Career pathways initiatives supporting both youth and adults can be found across Virginia. The state continues to make significant investments that ensure its learning opportunities closely align to its workforce prospects and employer needs and are coordinated across state agencies. In 2008, Virginia released Bridging Business and Education for the 21st Century Workforce, a report that accelerated career pathways activities already underway in the Commonwealth. Recommendations from the report called for:

  • Developing a statewide framework that supports regional activities;
  • Using data to inform and evaluate program development and success;
  • Facilitating transitions among education and employment systems, programs, and services;
  • Expanding support services such as advising and coaching; and
  • Building a sustainable career pathways system supported across state agencies and prioritized by the business community.

A multi-agency work group brought together representatives from a host of state agencies to envision and commit to developing a statewide system that offered flexibility to meet regional workforce demands. All active partners in Virginia’s Career Pathways Work Group and Executive Committee participate in the strategic planning, operational support, and promotion of regional career pathways throughout the state.

Since that time, numerous career pathways initiatives have emerged to serve target populations. The career pathways system has become the principal model for workforce development in Virginia, bringing together nine state agencies with responsibilities for administering federal and state-funded career and technical education and workforce development programs including:

  • Perkins,
  • Workforce Investment Act (WIA),
  • Wagner-Peyser,
  • The Virginia Department of Education,
  • Virginia Community College System,
  • State Council of Higher Education in Virginia,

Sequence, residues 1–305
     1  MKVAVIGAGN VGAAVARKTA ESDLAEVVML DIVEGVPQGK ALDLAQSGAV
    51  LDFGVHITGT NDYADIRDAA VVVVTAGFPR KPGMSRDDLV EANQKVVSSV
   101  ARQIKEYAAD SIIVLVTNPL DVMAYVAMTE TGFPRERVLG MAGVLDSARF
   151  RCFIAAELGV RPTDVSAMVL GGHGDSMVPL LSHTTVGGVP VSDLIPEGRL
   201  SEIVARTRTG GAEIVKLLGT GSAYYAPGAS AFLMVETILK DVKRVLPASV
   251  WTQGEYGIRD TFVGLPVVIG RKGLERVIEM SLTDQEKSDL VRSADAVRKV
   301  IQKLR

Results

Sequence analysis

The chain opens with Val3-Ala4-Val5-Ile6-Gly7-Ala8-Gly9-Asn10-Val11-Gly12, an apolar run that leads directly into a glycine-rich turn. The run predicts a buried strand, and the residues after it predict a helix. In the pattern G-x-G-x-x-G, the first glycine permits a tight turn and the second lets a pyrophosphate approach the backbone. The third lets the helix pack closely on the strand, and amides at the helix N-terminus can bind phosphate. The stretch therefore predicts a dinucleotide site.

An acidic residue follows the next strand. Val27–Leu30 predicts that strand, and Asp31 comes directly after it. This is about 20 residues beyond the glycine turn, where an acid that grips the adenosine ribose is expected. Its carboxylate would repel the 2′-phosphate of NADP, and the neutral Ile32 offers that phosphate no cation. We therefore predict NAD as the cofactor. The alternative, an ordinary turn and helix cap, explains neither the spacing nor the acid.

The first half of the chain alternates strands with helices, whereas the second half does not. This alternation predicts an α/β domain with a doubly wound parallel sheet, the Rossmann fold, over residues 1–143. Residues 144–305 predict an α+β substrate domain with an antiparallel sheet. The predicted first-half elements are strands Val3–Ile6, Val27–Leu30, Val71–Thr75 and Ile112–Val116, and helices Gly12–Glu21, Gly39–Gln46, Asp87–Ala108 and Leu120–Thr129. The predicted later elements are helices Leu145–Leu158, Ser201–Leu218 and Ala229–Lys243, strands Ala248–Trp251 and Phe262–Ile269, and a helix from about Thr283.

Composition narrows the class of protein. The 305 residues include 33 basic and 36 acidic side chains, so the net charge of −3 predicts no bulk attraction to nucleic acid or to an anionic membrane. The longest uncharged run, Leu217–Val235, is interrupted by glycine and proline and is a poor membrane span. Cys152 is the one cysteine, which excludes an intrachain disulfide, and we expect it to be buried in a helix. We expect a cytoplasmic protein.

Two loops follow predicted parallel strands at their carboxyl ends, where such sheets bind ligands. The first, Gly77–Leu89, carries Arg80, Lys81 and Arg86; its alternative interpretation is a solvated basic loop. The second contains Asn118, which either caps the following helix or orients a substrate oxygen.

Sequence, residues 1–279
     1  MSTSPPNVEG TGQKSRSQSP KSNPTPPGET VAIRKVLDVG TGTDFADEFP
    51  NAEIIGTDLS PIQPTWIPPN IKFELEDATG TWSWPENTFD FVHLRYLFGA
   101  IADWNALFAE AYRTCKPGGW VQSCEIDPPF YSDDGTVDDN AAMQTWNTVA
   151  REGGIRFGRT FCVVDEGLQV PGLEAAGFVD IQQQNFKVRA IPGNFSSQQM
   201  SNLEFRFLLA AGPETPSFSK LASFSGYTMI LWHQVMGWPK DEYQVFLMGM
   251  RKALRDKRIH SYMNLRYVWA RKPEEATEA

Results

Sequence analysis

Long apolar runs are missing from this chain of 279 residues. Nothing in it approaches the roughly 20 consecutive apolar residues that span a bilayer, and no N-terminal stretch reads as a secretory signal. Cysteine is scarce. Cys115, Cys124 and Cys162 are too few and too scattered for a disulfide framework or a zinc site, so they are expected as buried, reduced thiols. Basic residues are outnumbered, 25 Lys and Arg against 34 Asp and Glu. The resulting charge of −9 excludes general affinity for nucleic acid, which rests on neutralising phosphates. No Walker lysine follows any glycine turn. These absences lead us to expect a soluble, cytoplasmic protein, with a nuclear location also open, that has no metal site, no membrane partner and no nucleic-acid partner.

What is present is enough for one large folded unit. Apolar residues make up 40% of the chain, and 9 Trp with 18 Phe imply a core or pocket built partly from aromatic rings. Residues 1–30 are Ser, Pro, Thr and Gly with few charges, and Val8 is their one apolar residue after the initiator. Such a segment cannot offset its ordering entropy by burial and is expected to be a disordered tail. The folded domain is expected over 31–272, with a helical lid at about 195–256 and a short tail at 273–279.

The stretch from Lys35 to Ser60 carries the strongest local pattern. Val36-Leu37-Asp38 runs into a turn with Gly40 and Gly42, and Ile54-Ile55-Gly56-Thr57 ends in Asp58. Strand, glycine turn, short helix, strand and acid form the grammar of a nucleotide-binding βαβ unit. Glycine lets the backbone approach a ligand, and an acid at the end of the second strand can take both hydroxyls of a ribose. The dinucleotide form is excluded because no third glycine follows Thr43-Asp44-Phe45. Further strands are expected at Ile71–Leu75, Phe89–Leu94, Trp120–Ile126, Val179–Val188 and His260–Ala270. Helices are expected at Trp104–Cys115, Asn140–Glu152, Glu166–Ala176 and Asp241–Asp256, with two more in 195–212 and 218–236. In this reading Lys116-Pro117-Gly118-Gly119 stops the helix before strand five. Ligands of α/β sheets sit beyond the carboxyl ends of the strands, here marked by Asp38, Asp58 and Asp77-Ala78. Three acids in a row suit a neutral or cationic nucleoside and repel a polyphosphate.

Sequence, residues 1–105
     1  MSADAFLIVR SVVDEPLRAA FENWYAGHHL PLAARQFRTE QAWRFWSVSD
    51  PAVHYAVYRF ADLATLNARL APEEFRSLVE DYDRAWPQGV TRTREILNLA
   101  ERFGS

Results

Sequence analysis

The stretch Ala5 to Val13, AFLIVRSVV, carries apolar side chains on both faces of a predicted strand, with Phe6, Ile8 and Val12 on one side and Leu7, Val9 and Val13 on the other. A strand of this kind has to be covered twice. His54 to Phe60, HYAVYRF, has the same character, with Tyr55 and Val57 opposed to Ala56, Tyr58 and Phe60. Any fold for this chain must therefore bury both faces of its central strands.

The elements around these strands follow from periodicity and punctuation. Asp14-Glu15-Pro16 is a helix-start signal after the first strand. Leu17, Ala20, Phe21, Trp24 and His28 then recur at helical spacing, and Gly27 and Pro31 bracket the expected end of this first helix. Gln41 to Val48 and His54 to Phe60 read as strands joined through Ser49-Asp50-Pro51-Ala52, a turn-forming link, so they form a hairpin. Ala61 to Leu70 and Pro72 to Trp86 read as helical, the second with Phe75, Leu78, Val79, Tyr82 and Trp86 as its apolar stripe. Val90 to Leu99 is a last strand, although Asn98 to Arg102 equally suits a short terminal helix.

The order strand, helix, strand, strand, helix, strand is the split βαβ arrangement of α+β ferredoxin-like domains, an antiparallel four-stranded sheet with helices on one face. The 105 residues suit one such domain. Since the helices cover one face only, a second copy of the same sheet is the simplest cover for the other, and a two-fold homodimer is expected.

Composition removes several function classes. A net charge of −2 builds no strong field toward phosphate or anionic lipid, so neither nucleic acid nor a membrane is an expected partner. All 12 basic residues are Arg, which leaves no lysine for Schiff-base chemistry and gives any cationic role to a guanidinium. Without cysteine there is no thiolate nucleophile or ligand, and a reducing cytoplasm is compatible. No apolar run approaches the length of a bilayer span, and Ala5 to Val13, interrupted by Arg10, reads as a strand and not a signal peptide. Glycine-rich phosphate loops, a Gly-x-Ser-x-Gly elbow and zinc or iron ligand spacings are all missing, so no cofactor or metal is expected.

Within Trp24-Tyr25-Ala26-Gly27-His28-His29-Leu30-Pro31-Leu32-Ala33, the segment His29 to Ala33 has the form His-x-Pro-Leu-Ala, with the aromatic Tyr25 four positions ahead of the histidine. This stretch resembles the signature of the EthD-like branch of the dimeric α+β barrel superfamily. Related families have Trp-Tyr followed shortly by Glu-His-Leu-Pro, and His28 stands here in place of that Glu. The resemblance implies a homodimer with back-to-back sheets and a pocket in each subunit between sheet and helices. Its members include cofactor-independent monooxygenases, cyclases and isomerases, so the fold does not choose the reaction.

• Virginia Economic Development Partnership,
  • Department of Business Assistance,
  • Department of Labor and Industry,
  • Department of Social Services, and
  • Department of Aging and Rehabilitative Services.
Instructor Rachel Riggsby with PluggedInVA cohort in southwest Virginia. Instructor Rachel Riggsby with PluggedInVA cohort in southwest Virginia.

Adult Education Career Pathways Programs Making a Difference

Of particular interest to adult educators engaged in career pathways is the success experienced by the PluggedInVA (PIVA) initiative, which started in southwest Virginia in 2009. The first six-month pilot was launched in response to a need for qualified candidates at two local information technology companies. Program participants ranged in age from 18 to 44 and each earned a General Education Development (GED®) test certificate and Digital Literacy Certificate. Additionally, 77 percent earned Career Readiness Certificates and 69 percent completed 24 college credits. Encouraged by the success of the first cohort, PIVA has continued operating in southwest Virginia and has expanded to other regions of the state in a range of industries, including: construction and weatherization, health care, electronic medical records, entrepreneurship, and advanced manufacturing.

PIVA is a career pathways program that provides motivated adult learners a contextualized GED® curriculum integrated with technical training as a means to develop essential skills. The program has organized services in three areas: academic preparation—providing instruction in math, reading, writing, computer use, and technical training; counseling—supplying information on financial aid, stress and time management, study skills, business etiquette, personal support, and orientation to college life; and mentoring—helping orient learners to college activities and offering encouragement and support.

Another statewide initiative designed to increase credential attainment and employment of lower-skilled adults is the Adult Career Coach program recently launched by the Virginia Community College System (VCCS). Inspired by the success of Virginia’s high school career coach program, Adult Career Coaches are based at diverse entry points to Virginia’s workforce development system to provide one-on-one assistance with career and education planning, financial aid, college admissions, career assessments, and job placement. An interactive tool, Virginia Education Wizard, supports the coaches efforts in assisting adults obtain the information they need to identify and pursue a career with a centralized source for career pathways, education, and financial aid resources.

Additional VCCS programs supporting Adult Career Pathways include the Middle College and On Ramp initiatives.

PLuggedInVA Logo